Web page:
When you read your story, does it sound off, maybe you can’t quite put your finger on it, but you know you’ve done something wrong? Sometimes–maybe even lots of times–there are simple fixes. These writer’s tips will come at you once a week, giving you plenty of time to go through your story and make the adjustments.
Today’s tip: Write in the positive, not the negative
For example, don’t say
There was no light in the room
The room was dark.
This hint made a big difference in the tone of my writing. My scenes went from sounding depressing and negative to uplifting and positive. If you’re a mom, your familiar with this concept because you use it disciplining your children:
Don’t say: Don’t jump in the bed
Do say: Jump on the rug.
It’s the same idea. Without the negatives, what you communicate to your reader is more proactive than reactive. The reader feels like they’re moving forward with positives. They feel like they’re being held back with negatives. When I’ve finished a rough draft, I do a search for all not or n’t words, to see if I can replace them. That’s how serious I am about changing the tone of my writing.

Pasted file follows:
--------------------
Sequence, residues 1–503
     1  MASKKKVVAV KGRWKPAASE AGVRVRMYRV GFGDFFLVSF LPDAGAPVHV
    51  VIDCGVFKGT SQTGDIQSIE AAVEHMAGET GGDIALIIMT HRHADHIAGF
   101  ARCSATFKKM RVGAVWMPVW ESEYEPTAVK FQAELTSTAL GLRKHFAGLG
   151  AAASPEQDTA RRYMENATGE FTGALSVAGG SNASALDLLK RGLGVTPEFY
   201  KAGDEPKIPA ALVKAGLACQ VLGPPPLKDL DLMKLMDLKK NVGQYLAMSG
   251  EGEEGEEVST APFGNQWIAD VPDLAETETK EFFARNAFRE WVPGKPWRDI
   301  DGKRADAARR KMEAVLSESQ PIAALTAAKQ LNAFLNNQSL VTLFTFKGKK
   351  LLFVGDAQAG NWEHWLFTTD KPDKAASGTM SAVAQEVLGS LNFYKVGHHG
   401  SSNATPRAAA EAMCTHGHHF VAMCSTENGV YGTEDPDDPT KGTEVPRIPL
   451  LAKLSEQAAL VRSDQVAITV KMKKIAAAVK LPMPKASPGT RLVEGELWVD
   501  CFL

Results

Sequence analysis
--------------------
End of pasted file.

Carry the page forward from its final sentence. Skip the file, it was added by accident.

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Jacqui Murray is the author of the popular Building a Midshipman, the story of her daughter’s journey from high school to United States Naval Academy. She is webmaster for six blogs, an Amazon Vine Voice book reviewer, a columnist for Examiner.com and TeachHUB, Editorial Review Board member for Journal for Computing Teachers, Cisco guest blog,Technology in Education featured blogger, IMS tech expert, and a bi-weekly contributor to Today’s Author. In her free time, she is editor of a K-8 technology curriculum, K-8 keyboard curriculum, creator of technology training books for middle school and ebooks on technology in education. Currently, she’s editing a thriller that should be out to publishers next summer. Contact Jacqui at her writing office or her tech lab, Ask a Tech Teacher.